Results: ERG expression was found in about 45% of all patient cohorts. In a multivariate analysis, ERG expression showed independent value of favorable prognosis (P = 0.019). ERG positivity was significantly associated with loss of PTEN expression in prostatectomy (P = 0.0348), and locally recurrent CRPCs (P = 0.0042). Loss of PTEN expression was associated (P = 0.0085) with shorter progression-free survival in ERG-positive, but not in negative cases. When metastases in each subject were compared, consistent ERG, PTEN, and AR expression as well as TP53 mutations were found in a majority of subjects.
Conclusions: A similar frequency of ERG positivity from early to late stage of the disease suggests lack of selection of ERG expression during disease progression. The prognostic significance of PTEN loss solely in ERG-positive cases indicates interaction of these pathways. The finding of consistent genetic alterations in different metastases suggests that the major genetic alterations take place in the primary tumor.
Background: Observational studies have reported conflicting results between parity and kidney cancer risk. To our knowledge, a comprehensive and quantitative assessment of the association between parity and kidney cancer has not been reported. Thus, we conducted a systematic review and dose–response meta-analysis of published epidemiologic studies to summarize the evidence of this association.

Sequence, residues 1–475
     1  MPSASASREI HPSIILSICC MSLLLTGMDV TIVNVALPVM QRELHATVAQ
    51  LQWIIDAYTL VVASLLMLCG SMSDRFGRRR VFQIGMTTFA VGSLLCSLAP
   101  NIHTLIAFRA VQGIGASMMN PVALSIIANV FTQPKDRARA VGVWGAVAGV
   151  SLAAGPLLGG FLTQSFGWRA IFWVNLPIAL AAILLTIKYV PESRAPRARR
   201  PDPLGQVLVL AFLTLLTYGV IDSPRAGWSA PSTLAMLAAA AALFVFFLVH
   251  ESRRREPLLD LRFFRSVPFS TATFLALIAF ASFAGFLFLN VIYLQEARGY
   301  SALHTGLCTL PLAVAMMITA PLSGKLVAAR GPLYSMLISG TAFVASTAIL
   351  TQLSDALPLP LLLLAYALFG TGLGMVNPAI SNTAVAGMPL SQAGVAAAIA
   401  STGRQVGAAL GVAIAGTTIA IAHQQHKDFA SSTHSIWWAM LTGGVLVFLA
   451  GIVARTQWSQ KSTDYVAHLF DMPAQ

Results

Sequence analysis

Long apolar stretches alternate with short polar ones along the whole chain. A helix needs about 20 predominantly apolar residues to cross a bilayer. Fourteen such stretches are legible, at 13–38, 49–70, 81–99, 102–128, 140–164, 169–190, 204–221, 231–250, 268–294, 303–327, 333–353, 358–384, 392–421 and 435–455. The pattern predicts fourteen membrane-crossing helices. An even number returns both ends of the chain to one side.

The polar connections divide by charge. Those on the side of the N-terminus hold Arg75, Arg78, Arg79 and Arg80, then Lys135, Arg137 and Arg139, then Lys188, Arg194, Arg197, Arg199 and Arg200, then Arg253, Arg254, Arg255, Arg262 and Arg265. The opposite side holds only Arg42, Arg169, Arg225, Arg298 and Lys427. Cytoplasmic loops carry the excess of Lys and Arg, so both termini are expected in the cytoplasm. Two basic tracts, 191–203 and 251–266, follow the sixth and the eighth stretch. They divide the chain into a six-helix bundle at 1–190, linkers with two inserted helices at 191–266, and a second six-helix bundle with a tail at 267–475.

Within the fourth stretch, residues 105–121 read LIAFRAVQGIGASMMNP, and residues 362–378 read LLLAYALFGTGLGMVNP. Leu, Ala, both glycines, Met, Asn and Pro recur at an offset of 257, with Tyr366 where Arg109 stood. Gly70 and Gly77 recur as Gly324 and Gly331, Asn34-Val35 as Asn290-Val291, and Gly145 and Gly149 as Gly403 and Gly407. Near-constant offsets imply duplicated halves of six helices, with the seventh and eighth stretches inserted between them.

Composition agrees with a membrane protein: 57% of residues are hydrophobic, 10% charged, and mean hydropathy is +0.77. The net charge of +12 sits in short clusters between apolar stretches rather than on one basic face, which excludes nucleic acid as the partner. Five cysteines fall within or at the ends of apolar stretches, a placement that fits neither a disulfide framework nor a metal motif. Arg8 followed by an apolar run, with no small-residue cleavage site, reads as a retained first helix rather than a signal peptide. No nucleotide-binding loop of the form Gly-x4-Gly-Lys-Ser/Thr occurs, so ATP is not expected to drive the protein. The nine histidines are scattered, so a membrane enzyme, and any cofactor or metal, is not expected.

Methods: Relevant published studies of parity and kidney cancer were identified using MEDLINE (PubMed) database through end of June 2013. Two authors independently assessed eligibility and extracted data. Six prospective and eight case–control studies reported relative risk (RR) estimates and 95% confidence intervals (CI) of kidney cancer associated with parity or parity number. Fixed- or random-effects models were used to estimate summary relative risk.